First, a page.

Booklist


(Starred review.) A bizarre case of identity theft forces a dentist to question his beliefs in this funny, thought-provoking return to form by Ferris.... Smart, sad, hilarious and eloquent, this shows a writer at the top of his game and surpassing the promise of his celebrated debut.
Kirkus Reviews



Discussion Questions
1. In the book's opening paragraph, Paul O'Rouke tells us that...

The mouth is a weird place: "not quite inside and not quite outside...but something in between...admitting access to an interior most people would rather not contemplate—where cancer starts, where the heart is broken, where the soul might just fail to turn up.

What kind of thematic concerns does this paragraph hint at for the book as a whole. Consider a later statement Paul makes that he is always "on the outside looking in."

2. How do the conditions of his patients' mouths affect, or perhaps simply correspond to, Paul's general view of humanity?

3. How would you describe Paul, his attitudes toward people and life, his relationship with women—in fact, his overall engagement in life? Betsy Convoy, his dental hygienist, accuses Paul of having a low opinion of humanity. Is that a fair assessment?

4. How has Paul's father's suicide affected his life as an adult?

5. What does baseball represent to Paul? Why is he such an avid Red Sox fan, and at the same time, why does he despair after the Sox finally win the World Series? SPOILER ALERT: Consider, too, the final pages of the book when Paul buys the Chicago Cubs cap...and agrees to play cricket with the Nepali kids in the street.

6. How would you describe Paul's relationships with women, primarily Samantha Santacroce and Connie Plotz. What does he want from them and from their families?

7. Paul tells us, "Everything is always something, but something—and here is the rub—could never be everything. What does he mean?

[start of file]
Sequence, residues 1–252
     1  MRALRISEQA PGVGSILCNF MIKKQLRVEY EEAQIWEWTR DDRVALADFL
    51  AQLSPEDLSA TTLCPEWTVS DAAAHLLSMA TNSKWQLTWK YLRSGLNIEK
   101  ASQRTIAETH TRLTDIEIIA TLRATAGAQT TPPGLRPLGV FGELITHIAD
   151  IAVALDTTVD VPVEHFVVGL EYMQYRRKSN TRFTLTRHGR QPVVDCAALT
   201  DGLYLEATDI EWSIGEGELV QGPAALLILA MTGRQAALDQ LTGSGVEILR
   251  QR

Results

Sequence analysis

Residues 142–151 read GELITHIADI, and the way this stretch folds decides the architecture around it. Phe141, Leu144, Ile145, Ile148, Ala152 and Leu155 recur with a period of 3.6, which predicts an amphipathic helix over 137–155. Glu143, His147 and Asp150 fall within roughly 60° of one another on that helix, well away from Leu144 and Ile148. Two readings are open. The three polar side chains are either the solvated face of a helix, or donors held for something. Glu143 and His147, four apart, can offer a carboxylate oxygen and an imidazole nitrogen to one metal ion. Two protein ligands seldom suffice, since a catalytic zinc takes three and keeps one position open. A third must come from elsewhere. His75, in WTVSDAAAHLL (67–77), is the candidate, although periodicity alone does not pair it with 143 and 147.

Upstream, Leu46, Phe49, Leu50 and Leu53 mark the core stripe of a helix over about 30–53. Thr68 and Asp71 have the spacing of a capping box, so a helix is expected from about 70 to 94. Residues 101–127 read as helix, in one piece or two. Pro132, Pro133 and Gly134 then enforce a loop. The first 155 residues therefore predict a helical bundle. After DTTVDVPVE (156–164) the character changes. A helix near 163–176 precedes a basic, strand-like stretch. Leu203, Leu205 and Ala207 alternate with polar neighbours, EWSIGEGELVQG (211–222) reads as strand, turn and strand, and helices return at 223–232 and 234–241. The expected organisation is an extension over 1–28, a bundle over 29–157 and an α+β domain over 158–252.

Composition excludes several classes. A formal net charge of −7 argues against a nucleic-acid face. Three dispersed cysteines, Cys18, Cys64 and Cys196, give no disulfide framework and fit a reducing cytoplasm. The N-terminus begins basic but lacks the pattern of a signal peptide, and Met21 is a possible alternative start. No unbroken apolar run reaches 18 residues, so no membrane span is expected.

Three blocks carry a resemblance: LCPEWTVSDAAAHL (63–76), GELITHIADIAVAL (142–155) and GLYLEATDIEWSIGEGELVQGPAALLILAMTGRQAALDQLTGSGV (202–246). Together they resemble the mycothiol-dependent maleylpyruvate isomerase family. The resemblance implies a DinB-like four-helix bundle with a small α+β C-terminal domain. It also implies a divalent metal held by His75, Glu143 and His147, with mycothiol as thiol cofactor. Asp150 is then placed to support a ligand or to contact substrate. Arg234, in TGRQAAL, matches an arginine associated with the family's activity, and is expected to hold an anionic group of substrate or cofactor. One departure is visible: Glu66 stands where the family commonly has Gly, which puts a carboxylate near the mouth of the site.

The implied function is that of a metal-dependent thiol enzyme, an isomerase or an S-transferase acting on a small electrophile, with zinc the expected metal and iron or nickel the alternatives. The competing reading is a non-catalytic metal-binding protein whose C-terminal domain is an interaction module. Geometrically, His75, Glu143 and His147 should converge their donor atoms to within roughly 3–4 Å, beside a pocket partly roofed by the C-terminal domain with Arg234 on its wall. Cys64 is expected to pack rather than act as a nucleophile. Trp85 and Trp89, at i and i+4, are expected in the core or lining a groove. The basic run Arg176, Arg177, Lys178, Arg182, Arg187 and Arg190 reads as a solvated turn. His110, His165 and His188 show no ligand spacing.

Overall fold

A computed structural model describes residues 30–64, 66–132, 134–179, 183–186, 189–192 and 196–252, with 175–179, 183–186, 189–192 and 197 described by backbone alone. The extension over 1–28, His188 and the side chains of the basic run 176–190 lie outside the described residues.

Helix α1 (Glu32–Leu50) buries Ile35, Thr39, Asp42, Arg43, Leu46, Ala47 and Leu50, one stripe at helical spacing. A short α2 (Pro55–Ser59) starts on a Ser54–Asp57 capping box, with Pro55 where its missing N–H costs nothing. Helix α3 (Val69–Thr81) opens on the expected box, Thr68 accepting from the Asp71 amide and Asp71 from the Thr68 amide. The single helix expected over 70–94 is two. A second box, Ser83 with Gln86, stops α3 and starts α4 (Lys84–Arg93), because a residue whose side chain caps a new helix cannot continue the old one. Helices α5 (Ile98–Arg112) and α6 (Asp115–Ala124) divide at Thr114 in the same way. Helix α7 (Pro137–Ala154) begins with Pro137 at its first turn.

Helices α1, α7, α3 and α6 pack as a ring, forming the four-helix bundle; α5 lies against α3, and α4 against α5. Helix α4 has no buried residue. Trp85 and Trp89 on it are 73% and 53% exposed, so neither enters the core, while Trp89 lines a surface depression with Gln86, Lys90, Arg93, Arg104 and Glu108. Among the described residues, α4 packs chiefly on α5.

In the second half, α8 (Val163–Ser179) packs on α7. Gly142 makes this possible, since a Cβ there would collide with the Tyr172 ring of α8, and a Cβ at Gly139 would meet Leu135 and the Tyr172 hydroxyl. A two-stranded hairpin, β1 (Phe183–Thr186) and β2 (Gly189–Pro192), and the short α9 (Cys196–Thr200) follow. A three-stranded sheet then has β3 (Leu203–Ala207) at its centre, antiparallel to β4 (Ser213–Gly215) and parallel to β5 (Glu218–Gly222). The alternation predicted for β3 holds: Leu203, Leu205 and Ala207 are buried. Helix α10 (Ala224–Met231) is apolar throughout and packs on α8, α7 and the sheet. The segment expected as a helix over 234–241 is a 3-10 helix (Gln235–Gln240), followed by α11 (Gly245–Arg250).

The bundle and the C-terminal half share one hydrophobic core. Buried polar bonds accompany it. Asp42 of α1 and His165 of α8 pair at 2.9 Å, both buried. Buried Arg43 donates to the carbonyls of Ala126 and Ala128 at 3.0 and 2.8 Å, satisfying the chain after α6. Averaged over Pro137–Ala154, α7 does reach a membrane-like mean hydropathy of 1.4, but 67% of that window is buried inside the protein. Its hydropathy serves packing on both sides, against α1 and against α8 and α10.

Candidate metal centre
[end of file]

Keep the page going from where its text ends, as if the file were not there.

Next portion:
8. Why doesn't Paul believe in God? He tells us that he would have liked to: "Now there was something that could have been everything better than anything else." Why does he doubt?

9. What are the blog posts and Tweets in Paul's name about? How do they affect Paul? At first he is angry but becomes less and less so as the messages progress—why the change? Why do the posts offend Connie's Uncle Stuart? Are they antisemitic?

10. Who are the Ulms...and the Amalekites...and the Edomites? What is their relationship to the Hebrews in the Bible? The Ulms believe God has commanded them to doubt his existence. How is it possible to doubt the existence of God, who has revealed his existence to you?

11. What were Paul's reasons for not wanting to have children with Connie? SPOILER ALERT: He changes his mind toward the end of the book—why? What revelation does the pregnant patient elicit in Paul? Contrast his reaction to the expectant mother with his reaction to the marketing executive who just earlier had delayed treatment of his three cavities.

12. In what way is the billionaire hedge fund manager Pete Mercer a foil for Paul O'Rourke? How are they similar—and how are they different? SPOILER ALERT: Why does Mercer shoot himself after learning about Mirav Mendelsohn and Arthur Grant? How does Paul react o Mirav's story?

13. What is your reaction to the story of Arthur Grant and his desire to convert to Judaism? Consider how Paul O'Rouke's story parallels (to some degree) Grant's. What about Mirav—why after so many years has she returned to the fold?

14. Is this book religious...or anti-religious? Does Paul end up believing in God or not?

15. How has Paul changed by the end of the book? What do you predict for him?

(Questions by LitLovers. Please feel free to use them, online or off, with attribution. Thanks.)